The impact of digital disruption on the business world isn’t a new story. If anything, it’s been talked about so much in the past 10 years that it’s easy to imagine that everything has already been disrupted and settled into a new normal. Except that isn’t the case. Recent McKinsey research found that digital technologies and processes have only penetrated about 35 percent into the average industry, which means only about a third of the products, services, and operations that can be digitized have been.
The McKinsey report noted that digitization is continuing, and this transformation is affecting the way brands do business across industries. Any effective digital transformation has a significant impact in a few areas, but especially in the way brands interact with their customers. As consumers adopt new digital technologies and shatter traditional customer service models, companies will need to reevaluate precisely what kind of experiences they provide and how to improve.
Digital Transformation and the Customer Experience
Consumers have historically adopted innovative technologies at a much faster pace than the brands they interact with. It’s because of this dichotomy in technology adoption that brands must focus their digital transformation efforts on the customer experience. Brands, that fail to adapt to how customers want to be communicated with, stand to lose tremendously. How much loss is an open question, but Frost & Sullivan recently found that brands lose $300 billion in revenue from poor customer experience every year and, by 2020, customer experience is expected to overtake price and product as key differentiators.
Brands need to understand that the modern customer wants personalized, relevant, and immediate interactions anywhere and anytime through any device or touchpoint. Delivering this type of experience is part and parcel of digitizing any business model for long-term success. Companies that successfully personalize their customer interactions stand to reap substantial financial gains. To get a picture of the benefit, consider recent Boston Consulting Group research which found that personalization will drive an $800 billion revenue shift to the top 15 percent of companies in just three industries who get it right.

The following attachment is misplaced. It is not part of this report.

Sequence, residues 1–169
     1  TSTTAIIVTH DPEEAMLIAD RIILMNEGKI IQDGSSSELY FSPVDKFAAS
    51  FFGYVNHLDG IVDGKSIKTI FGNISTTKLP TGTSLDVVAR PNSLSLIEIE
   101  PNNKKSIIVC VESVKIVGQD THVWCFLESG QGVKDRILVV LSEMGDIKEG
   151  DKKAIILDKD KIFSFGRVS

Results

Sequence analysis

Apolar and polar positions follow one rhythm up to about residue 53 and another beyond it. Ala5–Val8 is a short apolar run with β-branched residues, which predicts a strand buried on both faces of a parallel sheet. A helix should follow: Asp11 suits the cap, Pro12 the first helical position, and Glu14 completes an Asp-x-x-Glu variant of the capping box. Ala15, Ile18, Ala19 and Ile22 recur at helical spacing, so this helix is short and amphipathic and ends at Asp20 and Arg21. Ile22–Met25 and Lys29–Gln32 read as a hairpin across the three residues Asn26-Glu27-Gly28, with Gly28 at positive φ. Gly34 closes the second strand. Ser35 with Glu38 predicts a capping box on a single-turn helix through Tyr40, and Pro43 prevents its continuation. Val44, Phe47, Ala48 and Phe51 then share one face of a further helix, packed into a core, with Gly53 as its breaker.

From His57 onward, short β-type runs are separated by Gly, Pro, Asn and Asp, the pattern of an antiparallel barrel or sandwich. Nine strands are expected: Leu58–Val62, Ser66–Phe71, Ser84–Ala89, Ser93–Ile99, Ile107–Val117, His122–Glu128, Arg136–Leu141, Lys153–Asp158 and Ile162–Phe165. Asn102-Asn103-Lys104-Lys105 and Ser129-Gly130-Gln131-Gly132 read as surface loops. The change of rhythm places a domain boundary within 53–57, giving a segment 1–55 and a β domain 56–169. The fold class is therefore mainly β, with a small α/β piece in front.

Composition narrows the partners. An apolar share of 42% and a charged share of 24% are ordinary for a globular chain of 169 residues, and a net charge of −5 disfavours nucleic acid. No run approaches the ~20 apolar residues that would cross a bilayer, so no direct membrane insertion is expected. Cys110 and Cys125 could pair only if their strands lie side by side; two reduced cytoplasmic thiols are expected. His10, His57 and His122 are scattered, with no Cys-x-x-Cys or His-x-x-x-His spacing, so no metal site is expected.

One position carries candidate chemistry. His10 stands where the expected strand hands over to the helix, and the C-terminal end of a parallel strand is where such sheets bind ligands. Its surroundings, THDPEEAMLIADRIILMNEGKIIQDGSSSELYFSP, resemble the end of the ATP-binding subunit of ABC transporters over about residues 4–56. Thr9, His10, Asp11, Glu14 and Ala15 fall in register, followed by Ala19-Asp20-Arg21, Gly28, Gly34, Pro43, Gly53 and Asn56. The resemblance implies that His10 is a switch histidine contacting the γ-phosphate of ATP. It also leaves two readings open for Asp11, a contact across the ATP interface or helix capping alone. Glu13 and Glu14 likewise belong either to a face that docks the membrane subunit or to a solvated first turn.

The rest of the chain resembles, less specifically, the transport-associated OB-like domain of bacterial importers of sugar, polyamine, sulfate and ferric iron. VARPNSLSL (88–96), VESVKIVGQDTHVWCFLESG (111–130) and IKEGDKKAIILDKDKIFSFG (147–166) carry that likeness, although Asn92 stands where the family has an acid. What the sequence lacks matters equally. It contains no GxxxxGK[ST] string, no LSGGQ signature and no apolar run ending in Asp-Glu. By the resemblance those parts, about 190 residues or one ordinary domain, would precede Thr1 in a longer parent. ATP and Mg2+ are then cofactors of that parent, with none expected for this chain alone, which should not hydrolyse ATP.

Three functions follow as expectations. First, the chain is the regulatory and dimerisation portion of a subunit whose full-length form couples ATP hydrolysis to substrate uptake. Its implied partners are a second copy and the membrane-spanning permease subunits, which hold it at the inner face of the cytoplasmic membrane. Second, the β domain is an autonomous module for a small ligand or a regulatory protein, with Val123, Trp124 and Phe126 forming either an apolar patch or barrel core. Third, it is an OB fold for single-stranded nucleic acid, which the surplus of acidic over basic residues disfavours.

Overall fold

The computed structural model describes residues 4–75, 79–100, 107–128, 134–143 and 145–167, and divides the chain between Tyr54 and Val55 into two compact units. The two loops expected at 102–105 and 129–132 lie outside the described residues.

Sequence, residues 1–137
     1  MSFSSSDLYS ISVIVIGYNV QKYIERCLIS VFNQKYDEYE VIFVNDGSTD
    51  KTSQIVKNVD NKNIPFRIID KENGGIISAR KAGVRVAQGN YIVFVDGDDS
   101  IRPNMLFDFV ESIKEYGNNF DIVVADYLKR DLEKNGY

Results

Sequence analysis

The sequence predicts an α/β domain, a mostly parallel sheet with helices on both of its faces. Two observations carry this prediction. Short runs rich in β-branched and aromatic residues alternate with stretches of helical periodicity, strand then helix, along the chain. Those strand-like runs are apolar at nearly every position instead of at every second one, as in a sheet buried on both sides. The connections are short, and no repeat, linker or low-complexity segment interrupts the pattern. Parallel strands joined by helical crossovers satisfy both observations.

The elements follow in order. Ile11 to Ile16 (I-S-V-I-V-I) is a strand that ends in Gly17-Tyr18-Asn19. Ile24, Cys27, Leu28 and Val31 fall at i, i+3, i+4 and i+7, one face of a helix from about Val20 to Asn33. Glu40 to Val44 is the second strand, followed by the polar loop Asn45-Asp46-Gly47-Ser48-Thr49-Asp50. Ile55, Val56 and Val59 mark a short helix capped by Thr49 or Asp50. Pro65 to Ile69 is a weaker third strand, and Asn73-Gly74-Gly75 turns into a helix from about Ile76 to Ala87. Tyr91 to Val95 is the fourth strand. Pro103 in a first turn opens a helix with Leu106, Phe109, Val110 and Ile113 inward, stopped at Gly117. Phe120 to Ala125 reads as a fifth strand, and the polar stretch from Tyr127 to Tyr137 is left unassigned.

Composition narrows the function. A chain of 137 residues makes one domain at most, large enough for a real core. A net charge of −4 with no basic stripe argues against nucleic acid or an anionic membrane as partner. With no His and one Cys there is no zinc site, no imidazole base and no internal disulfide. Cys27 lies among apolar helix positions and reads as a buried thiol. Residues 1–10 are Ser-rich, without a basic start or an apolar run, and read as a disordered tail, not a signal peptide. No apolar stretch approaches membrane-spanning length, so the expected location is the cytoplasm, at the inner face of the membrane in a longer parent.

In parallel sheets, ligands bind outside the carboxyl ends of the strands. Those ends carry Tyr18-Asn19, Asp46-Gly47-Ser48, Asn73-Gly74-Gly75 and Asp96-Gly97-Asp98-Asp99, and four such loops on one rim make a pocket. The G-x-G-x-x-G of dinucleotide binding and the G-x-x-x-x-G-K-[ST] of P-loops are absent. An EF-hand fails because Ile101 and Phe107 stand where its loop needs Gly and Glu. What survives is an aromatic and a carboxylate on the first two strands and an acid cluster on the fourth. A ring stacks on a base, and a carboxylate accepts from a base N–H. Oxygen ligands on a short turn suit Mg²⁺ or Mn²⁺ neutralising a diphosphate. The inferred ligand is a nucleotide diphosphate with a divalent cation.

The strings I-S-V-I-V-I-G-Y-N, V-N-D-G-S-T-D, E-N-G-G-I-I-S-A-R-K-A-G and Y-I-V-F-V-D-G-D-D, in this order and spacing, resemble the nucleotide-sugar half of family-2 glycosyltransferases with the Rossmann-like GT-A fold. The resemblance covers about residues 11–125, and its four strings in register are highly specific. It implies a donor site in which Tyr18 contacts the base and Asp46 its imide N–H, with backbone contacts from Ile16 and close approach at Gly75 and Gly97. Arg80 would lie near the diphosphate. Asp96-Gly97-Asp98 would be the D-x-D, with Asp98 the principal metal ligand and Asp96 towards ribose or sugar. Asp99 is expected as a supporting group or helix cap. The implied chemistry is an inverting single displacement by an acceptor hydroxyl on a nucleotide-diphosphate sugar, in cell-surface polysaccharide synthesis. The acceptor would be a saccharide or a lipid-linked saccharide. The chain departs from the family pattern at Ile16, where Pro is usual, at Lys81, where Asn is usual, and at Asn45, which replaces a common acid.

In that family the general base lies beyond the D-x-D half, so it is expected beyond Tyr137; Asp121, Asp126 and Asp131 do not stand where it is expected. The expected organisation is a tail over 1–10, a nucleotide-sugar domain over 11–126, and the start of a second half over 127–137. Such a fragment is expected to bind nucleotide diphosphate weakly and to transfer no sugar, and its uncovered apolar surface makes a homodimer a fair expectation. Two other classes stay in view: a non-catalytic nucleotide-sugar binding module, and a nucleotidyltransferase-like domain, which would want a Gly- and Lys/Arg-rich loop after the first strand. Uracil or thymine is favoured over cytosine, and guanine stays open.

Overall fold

And getting personalization “right” doesn’t require completely re-platforming with new tools, or replacing processes whole cloth – although those could occur. What it does take, however, is knowing everything there is to know about your customers and then being able to activate and operationalize that understanding in the moment of need. To do that, you need a centralized point of control. You need a customer data platform.
Customer Data Platforms and Digital Transformation
The idea behind a customer data platform (CDP) is to provide a centralized source of information that empowers business users with insight about a customer. What is important to understand, however, is that a customer data platform isn’t a database – it’s an operational capability. By tapping into existing databases and unifying that information across silos, a CDP operationalizes all that is knowable about a customer so you can deliver that knowledge at a point of engagement or point of contact across the enterprise.
The most complete understanding of a customer is crucial to a successful engagement. You can adopt every possible digital communication technology, but it is worthless without the underlying insight that a customer data platform provides. With the insight of a CDP, brands can deliver relevant offers to consumers through the right touchpoint at the right time. In this way, a customer data platform enables brands to optimize their engagement with customers.
Delivering a personalized, targeted customer experience is a key facet of a successful digital transformation. To accomplish this goal, it’s necessary that you know everything there is to know about customers and – more importantly – deliver that knowledge across the enterprise. A customer data platform achieves this goal, operationalizing the information you need and serving up the necessary insight when you need it. It’s for this reason, if nothing else, that you can’t spell digital transformation without “CDP.”